Talk Back: Should There Be More Gun Control Laws?

In the wake of two large shootings in Colorado and Wisconsin, is it time to reconsider gun control laws?

Only weeks after a deadly shooting rampage left 12 people dead and 58 wounded in an Aurora, Colo., movie theatre, a gunman in Oak Creek, Wisconsin, killing six before his life was taken by a responding police officer.

The Aurora shooting, an allegedly pre-meditated event during a midnight showing of the Batman movie "The Dark Knight Rises," heightened fears on gun safety only hours after the shooting occured on July 20. The accused gunman, James Holmes, was found to have mental problems, but had the ability to purchase multiple weapons that he used on his rampage.

While information about Sunday's shooting continues to be released by law enforcement in Wisconsin, mass shootings have dominated the country's news over the last few decades including the Virginia Tech shooting in 2007 that killed 33 people and the Columbine High School shooting in 1999 that left 15 dead, including the two shooters.

Should there be stricter gun control laws? Would such laws help prevent a horrible event like these shootings? Are gun control laws of any kind a threat to the Second Amendment right to bear arms?

We want to hear everything you have to say. Leave us a comment below.

Chrissy August 08, 2012 at 06:03 PM
No, not what I said. It should just be extremely more difficult for the every day joe or jane to buy a gun, and they should be trained property in its use.
RL August 08, 2012 at 06:10 PM
enough with the gun laws. Every time some politician somewhere wants credit for doing something they "pass a gun law" that goes into some shelf somewhere that no one enforces. First, enforce the laws we have. I am quite scared about how the government would elect to decide who can and who can not own a gun and who is or who is not eligible to defend themselves. Morover, despite the press glamorization there are literally HUNDREDS of millions of guns out there - over 70 million LAWFUL gun owners in the US. So just like cars, or making pipe bombs, or fertilizer bombs (like the oklahoma bomber and the original World Trade Center bombs), yes, you WILL have the occasional nut case - and that is what, .0001% of the gun owners? 'cmon. Lets not tell everyone they can't exercise a fundamental right because of a few nutcases that the Government ALREADY HAD LAWS in place to detect but failed to do so!!!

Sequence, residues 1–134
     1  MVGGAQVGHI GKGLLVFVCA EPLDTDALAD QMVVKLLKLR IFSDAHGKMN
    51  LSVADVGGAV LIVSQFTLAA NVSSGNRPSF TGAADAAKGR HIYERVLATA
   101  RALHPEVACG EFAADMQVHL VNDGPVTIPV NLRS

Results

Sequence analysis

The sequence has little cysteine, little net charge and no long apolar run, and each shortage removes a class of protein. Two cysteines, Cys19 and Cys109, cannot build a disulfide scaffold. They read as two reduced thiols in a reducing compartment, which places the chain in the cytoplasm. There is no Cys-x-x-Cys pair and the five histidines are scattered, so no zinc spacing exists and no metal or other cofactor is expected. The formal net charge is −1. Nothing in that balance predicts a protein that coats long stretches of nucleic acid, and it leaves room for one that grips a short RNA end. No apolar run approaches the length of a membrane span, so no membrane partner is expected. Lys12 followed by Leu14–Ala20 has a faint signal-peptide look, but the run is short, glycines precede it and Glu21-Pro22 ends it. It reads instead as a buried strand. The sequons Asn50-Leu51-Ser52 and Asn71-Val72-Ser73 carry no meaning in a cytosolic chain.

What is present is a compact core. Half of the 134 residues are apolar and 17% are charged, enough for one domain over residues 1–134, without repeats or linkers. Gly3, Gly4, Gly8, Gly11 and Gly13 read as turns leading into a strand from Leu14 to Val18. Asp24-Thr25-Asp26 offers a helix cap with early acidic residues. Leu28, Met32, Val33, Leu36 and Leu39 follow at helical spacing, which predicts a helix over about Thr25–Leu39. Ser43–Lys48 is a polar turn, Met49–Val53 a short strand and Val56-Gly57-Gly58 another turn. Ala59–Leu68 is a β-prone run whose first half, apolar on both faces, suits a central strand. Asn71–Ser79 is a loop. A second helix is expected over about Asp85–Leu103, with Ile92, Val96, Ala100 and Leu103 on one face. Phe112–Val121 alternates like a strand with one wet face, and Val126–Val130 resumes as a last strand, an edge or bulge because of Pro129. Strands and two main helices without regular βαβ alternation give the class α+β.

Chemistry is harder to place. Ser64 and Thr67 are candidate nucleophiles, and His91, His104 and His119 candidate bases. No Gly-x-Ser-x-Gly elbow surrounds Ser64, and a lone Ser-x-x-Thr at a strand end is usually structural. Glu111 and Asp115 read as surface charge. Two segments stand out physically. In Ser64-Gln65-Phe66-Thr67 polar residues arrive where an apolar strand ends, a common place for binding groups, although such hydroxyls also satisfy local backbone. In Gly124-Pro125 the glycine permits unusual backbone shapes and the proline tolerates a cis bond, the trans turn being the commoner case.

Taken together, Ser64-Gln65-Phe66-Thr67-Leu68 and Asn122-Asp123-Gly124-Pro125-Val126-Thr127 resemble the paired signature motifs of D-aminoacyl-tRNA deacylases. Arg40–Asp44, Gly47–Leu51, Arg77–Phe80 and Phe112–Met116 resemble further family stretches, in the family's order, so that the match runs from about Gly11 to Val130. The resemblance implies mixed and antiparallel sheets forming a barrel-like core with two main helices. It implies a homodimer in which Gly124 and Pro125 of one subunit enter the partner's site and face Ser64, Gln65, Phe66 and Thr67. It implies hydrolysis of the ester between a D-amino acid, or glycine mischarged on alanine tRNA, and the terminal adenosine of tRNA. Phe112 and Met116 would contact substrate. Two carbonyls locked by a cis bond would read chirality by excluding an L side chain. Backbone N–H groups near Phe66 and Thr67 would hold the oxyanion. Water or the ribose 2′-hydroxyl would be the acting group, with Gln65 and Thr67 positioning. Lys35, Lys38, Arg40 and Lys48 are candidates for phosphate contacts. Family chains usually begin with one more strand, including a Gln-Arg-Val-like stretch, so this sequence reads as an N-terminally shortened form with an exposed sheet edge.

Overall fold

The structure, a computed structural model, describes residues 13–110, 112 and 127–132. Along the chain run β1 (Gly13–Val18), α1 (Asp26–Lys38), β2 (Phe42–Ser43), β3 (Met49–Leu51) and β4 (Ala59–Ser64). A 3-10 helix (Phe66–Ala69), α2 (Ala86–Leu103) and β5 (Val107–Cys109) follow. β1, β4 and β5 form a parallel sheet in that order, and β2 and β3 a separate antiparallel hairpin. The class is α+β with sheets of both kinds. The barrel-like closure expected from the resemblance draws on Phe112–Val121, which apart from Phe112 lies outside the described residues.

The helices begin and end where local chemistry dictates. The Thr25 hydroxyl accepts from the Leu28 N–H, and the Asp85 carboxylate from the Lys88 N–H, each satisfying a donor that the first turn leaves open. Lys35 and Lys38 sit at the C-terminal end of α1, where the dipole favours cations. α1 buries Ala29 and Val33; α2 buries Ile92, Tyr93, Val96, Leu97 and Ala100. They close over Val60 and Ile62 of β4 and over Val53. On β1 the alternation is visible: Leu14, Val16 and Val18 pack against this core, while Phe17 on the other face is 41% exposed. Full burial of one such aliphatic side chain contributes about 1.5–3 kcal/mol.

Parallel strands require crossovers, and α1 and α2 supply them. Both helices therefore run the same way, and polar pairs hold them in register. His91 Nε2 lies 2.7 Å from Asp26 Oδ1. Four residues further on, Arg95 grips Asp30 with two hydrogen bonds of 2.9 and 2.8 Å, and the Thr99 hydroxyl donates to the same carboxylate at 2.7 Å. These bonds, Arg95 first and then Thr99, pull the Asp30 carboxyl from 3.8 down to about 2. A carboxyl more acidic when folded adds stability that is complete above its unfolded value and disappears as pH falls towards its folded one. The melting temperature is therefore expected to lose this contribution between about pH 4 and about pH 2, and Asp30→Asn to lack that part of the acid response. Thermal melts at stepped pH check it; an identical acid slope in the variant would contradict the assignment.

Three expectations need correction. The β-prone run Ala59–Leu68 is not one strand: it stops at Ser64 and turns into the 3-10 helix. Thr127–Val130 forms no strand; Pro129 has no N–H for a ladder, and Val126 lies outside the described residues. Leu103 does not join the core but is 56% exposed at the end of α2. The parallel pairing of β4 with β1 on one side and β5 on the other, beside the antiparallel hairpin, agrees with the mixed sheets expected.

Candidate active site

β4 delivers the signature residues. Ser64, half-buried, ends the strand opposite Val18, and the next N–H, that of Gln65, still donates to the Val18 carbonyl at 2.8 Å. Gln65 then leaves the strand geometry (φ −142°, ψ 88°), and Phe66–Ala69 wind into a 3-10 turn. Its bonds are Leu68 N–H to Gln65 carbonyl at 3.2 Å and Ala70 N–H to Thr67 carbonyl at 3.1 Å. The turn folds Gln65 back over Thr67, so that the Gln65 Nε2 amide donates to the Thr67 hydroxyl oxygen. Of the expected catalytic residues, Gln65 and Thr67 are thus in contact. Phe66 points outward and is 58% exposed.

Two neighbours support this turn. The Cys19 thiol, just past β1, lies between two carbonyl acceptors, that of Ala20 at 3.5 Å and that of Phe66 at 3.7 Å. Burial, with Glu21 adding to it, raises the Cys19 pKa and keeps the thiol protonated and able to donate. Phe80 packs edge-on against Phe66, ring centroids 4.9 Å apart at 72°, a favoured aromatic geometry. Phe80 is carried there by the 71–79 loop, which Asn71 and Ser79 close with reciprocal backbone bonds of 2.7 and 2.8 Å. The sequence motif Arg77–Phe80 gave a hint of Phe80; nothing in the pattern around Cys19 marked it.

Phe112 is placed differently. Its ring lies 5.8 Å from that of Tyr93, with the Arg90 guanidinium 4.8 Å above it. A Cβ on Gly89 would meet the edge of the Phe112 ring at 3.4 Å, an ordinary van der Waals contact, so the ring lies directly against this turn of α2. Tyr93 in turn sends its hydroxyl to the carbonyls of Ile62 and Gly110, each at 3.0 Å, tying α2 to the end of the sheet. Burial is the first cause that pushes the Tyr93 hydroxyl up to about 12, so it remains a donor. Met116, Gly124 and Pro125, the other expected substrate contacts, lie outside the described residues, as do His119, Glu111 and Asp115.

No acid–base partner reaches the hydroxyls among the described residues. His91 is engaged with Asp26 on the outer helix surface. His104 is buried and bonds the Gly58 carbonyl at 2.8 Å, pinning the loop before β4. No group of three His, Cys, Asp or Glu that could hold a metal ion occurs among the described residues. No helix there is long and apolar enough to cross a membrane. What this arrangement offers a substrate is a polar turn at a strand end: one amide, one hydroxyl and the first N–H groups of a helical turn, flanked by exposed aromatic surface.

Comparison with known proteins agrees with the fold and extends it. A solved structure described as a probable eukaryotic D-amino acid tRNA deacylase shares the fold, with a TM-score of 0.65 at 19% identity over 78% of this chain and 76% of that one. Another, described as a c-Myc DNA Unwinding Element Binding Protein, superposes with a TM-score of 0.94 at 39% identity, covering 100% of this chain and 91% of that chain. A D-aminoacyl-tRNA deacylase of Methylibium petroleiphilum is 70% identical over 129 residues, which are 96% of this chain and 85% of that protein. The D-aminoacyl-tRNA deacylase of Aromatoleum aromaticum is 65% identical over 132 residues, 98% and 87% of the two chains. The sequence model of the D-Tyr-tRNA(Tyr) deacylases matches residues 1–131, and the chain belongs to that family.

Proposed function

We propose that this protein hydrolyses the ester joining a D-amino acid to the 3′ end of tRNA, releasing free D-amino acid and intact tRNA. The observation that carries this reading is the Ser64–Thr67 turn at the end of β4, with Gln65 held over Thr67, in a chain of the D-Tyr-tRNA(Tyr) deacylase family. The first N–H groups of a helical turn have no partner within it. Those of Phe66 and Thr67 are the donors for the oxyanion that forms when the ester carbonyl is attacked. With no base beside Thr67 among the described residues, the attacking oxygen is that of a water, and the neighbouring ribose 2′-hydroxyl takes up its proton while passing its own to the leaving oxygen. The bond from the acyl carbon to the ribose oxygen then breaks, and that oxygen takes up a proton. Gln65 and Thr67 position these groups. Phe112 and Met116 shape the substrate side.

Stephen J. Bronner August 08, 2012 at 06:58 PM
Great comments, everyone, thank you.
BK August 09, 2012 at 05:39 PM
Do you even know what an assault weapon is? Did you know that they're already banned? All the ban did was make pre-ban assault weapons more expensive. The Aurora gunman didn't even use an automatic gun. It is much harder in lower NYS to get a pistol permit, yet criminals have no problem obtaining weapons illegally. All gun laws do is stifle average citizens from legally protecting themselves while ensuring criminals that their victims will always be unarmed.
Stacey Pasquerelli August 12, 2012 at 12:01 PM
there is no law that prevents a mentally ill person from purchasing a gun. The seller of the gun may ask the customer if they have been committed to a mental facility or has been diagnosed with a disorder, but it is up to the customer to be honest in their answer. Gun shops need the ability to actually do more extensive background checks to verify that the customer, is in fact, in sound mind. It is a very small percentage of gun owners that are mentally ill, but this fraction of a percentage accounts for 10% of all homicides. I am very familiar with mental disorders, my sister suffers from schizophrenia and my father suffered from bipolar disorder before his death. Would it worry me if my sister was able to purchase a gun, YES. The sad fact is that if she wanted to, she could. That is the fundamental problem regarding gun control.


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